Labour’s Right-to-work Doublespeak

The Bling Bling

(Originally appearing at LvMIC)

Right-to-work legislation was introduced in Michigan this past Thursday. Public and private sector workers will soon have the freedom to choose whether or not they wish to pay union dues in an organized workplace. Beforehand, it was mandatory.

Labour unions in neighbouring Ontario are feeling threatened. After all, ending this involuntary expropriation of workers would undermine their business model. In response to the announcement, CAW President Ken Lewenza remarked, “Any time government intervenes and reduces the standards of living for workers, it has an impact in competing states and competing provinces. I’m disappointed, of course.”

This, of course, is union doublespeak.

Consider an example of the state of affairs prior to the introduction of right-to-work legislation. A man is hired at a local factory. This factory is unionized. On his first day of work, a union rep grabs for his wallet. “Pay up, or take a hike,” he says. “You’ve got no choice. It’s the law.”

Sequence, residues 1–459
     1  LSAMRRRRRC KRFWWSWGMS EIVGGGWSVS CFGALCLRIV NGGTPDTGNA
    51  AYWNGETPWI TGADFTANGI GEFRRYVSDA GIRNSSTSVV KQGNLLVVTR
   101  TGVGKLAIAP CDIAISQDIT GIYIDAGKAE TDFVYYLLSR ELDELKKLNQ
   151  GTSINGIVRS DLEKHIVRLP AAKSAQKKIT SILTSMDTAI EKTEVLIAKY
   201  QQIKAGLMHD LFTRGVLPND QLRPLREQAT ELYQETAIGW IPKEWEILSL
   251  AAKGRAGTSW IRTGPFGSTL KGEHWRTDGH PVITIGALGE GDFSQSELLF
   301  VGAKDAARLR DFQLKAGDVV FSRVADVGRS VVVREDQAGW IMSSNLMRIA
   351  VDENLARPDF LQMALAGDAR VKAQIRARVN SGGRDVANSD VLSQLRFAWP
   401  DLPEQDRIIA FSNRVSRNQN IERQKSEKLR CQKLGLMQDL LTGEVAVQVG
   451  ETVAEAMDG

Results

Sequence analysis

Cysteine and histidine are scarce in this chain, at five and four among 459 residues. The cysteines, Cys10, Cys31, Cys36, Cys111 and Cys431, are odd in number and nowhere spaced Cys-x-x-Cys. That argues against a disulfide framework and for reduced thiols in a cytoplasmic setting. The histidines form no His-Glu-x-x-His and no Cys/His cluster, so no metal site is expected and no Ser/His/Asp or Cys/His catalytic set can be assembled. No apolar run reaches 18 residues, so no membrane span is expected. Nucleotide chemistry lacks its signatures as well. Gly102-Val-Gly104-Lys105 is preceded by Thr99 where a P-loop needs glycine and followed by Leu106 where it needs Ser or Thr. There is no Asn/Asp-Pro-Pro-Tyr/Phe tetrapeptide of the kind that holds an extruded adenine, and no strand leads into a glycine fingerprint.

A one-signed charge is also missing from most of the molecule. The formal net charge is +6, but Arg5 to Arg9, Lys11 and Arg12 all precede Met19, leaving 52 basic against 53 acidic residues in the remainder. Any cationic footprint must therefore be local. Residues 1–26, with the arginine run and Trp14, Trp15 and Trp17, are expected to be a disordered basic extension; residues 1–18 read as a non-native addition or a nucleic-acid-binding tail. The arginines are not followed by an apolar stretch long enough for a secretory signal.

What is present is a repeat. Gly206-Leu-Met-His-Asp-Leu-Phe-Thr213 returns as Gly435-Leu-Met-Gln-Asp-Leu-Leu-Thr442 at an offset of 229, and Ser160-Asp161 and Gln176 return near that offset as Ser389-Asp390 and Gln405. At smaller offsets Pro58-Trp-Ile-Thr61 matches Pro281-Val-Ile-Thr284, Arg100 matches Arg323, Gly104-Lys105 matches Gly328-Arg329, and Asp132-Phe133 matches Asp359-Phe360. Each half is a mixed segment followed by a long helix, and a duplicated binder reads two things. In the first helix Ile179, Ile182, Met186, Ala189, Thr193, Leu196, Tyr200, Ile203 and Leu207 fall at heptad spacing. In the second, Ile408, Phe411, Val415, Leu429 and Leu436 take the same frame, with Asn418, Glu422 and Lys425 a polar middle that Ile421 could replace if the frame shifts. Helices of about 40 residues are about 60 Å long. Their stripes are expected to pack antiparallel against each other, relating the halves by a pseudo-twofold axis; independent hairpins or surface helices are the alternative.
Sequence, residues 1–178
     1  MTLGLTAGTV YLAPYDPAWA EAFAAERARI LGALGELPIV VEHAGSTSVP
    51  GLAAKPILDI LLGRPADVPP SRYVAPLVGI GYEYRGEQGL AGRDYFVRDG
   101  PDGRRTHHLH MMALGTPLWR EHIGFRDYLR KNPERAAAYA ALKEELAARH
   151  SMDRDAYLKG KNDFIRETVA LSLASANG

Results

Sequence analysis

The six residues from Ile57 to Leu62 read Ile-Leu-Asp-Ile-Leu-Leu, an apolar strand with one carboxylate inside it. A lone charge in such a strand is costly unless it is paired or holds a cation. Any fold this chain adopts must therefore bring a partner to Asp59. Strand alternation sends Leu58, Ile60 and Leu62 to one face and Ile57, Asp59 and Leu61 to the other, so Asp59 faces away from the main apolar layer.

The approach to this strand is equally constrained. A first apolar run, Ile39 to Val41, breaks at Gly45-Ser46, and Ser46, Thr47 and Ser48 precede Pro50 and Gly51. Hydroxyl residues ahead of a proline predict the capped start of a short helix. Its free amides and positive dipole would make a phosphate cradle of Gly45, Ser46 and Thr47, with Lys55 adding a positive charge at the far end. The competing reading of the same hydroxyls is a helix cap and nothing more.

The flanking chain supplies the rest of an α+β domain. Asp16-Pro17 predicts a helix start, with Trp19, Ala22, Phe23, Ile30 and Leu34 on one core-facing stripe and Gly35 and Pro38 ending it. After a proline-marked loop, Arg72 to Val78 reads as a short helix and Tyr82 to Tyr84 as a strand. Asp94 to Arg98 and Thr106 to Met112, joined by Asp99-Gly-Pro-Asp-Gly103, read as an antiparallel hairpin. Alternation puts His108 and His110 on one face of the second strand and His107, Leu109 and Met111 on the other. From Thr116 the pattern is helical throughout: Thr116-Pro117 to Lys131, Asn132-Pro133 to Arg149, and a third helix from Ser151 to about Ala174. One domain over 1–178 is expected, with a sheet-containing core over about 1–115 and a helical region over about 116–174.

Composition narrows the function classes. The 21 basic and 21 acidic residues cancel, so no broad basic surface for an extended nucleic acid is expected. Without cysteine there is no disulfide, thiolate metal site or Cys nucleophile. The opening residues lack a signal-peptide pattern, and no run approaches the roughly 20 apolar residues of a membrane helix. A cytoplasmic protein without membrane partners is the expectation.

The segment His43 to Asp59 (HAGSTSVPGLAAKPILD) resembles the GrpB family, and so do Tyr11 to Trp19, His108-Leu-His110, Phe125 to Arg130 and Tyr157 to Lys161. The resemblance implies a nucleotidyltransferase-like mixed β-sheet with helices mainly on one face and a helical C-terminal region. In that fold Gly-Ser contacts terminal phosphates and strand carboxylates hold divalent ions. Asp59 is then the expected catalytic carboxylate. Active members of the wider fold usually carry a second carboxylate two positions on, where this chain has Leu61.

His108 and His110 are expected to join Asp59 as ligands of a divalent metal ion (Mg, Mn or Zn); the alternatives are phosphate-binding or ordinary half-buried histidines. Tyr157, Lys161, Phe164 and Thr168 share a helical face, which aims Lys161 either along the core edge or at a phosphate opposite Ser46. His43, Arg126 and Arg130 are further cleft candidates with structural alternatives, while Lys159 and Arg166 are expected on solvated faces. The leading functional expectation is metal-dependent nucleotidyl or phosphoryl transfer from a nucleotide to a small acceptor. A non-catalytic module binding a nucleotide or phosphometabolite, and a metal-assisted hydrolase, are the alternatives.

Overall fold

This is coercion. It is the solicitation of membership using badges and guns. It is the actual intervention.

It is true that right-to-work legislation will reduce the standard of living of unionized workers. Previously, these workers enjoyed the special privileges associated with a government-erected barrier to competition. On the other hand, it will raise the standard of living of those workers, previously excluded, who are now willing and able to work for less.

Firms that embrace these non-unionized workers will have an opportunity to out-compete unionized firms on price. Lower prices benefit consumers. It raises their standard of living.

This is a good thing.

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  • About Gregory Cummings

    Gregory Cummings writes about Canadian monetary and economic policy. His writing has been featured at the Ludwig von Mises Institute of Canada and the Ludwig von Mises Institute's Mises Daily publication. Read more.

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